Calgary, AB,

Motorcycle Safety Month rolls into May

Despite fewer vehicles on the roads last year, 2020 saw an increase in fatal collisions involving motorcycles. Five people lost their lives and more than 90 other collisions occurred, some with life-altering consequences. This year, during the Alberta Traffic Safety Calendar, Motorcycle Safety Month, we are calling on riders and drivers to be aware and drive with care.

In addition to increasing motorcycle safety awareness in the month of May, we are also celebrating the 100th anniversary of the use of Harley Davidson motorcycles in the Calgary Police Service. Our records indicate that Indian motorcycles were first used in 1912 but proved fairly ineffective due to the road conditions. At the time most traffic enforcement was done on horseback by the Mounted Unit. In 1921, the Motorcycle Detail was re-instated with the purchase of a Harley Davidson equipped for police work and the Traffic Office was formed in 1941, making 2021 the 80th anniversary of the Traffic Section and the 100th anniversary of the Harley Davidsons in CPS.

The agility of motorcycles enables officers to patrol parks, pathways and remote areas not easily accessible by larger vehicles. Enforcement of certain offences such as distracted driving is easier, as is responding to calls during heavy traffic.

The current motorcycle fleet consists of 15 Harleys, although we are currently evaluating diversification of the fleet based on the needs of the Service.

In addition to enforcement, the motorcycles play a valuable ceremonial role as escorts for dignitaries and special events, such as the Calgary Stampede Parade. By far, one of the most important functions of the motorcycles is funeral escorts. Although we can’t assist with every funeral, based on available resources on average we assist with more than 20 per year.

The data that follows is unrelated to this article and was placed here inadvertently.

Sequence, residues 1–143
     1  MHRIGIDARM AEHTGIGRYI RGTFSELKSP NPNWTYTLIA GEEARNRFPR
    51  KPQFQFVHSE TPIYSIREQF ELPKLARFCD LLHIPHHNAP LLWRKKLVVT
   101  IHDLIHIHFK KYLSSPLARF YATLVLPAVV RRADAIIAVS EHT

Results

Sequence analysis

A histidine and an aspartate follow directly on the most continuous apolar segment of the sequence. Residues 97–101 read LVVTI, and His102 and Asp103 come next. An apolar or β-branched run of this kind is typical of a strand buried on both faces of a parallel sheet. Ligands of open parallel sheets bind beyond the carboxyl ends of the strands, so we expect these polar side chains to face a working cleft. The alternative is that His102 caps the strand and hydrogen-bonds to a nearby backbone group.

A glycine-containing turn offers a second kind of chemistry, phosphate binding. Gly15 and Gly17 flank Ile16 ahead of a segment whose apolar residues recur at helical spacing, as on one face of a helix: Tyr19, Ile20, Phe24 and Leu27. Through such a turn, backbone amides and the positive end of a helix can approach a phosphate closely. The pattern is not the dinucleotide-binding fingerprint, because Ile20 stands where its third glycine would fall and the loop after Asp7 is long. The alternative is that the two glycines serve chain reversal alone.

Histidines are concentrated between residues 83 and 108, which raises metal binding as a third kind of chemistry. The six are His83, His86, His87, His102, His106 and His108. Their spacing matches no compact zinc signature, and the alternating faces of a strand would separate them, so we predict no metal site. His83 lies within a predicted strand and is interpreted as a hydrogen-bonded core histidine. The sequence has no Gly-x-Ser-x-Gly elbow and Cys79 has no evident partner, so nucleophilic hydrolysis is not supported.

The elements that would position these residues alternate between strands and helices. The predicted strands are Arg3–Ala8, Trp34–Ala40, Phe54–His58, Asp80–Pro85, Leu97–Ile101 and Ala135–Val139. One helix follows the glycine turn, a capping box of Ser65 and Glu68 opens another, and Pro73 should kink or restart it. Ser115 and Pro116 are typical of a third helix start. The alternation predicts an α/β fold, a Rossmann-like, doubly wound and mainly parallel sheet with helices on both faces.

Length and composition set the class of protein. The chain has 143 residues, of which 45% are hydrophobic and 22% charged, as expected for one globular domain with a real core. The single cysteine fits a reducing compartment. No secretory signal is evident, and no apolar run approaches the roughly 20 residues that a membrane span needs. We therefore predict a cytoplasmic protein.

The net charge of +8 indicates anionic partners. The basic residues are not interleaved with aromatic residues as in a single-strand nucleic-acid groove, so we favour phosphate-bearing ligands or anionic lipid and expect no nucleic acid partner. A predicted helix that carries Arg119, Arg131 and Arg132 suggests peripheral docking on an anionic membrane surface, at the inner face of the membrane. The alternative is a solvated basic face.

“Countless cards and thank you letters adorn our walls from families who have reached out to us for help during a very difficult time. It is an honour and we take this responsibility seriously,” says Traffic Section Sgt. Dale Seddon.

This week, our officers kicked off Motorcycle Safety Month with annual training to ensure they are ready for the summer riding season. The initial course requires riders to complete 80 hours of training on safe operation of a motorcycle, and each year officers must requalify on their skills.

“We want everyone to be able to safely enjoy their motorcycles this summer. As a rider, you are much more vulnerable to the consequences of poor decisions, be that of other drivers or unsafe riding practices,” says Sgt. Seddon. “Whether a collision is caused by the driver of another vehicle, road conditions, or a mistake on the rider’s part, at the end of the day it is often the rider and their family that pay the most significant price.”

Good judgement by both riders and drivers can make the difference between life and death.

Tips for vehicle drivers:

  • Adhere to the rules of the road. Distracted driving can cause you to easily miss a motorcycle.
  • Share the road – look twice for motorcyclists at intersections or when changing lanes.
  • Never underestimate the speed of a motorcycle. Their size makes their speed deceptive, in turn making it more difficult for drivers to judge timing.
  • Always check your blind spot before changing lanes.

Tips for motorcycle riders:

  • Adhere to the rules of the road. Speeding makes it difficult for others to be aware of your presence and more likely to misjudge timing.
  • Ride defensively. Stay out of blind spots and make every effort to enhance your visibility.
  • Be alert at intersections. Make eye contact with other drivers/riders before proceeding.
  • Protect yourself with the right gear and wear a certified motorcycle helmet, regardless of temperature or length of trip.